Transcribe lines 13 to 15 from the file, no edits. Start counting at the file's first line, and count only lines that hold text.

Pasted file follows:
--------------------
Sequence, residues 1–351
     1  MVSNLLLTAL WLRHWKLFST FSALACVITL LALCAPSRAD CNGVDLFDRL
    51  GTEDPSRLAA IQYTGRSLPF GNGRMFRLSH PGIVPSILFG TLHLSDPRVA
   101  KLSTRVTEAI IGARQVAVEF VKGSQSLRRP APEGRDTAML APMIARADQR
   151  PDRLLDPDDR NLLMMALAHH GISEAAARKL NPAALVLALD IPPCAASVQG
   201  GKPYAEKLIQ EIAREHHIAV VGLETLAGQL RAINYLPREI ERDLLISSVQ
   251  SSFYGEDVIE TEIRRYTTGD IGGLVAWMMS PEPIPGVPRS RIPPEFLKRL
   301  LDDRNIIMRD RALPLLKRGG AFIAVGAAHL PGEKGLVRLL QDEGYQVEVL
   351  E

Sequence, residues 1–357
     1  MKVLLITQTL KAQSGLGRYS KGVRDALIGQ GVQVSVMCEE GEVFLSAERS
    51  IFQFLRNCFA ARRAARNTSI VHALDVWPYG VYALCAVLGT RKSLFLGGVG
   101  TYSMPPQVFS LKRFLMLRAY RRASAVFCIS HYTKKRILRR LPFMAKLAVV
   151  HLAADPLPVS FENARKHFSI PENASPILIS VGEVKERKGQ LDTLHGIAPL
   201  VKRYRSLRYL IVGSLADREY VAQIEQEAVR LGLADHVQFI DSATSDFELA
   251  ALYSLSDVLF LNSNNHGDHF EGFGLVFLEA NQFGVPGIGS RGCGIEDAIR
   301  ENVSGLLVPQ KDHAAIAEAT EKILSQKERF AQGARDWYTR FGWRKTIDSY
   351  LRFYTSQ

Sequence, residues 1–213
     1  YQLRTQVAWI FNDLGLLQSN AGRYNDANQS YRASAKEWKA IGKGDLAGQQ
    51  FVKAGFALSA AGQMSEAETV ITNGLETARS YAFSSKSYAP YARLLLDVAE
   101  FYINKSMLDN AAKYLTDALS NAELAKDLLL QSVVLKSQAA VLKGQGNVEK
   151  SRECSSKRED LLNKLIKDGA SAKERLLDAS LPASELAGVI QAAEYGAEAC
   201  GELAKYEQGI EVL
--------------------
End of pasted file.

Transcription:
   101  TYSMPPQVFS LKRFLMLRAY RRASAVFCIS HYTKKRILRR LPFMAKLAVV
   151  HLAADPLPVS FENARKHFSI PENASPILIS VGEVKERKGQ LDTLHGIAPL
   201  VKRYRSLRYL IVGSLADREY VAQIEQEAVR LGLADHVQFI DSATSDFELA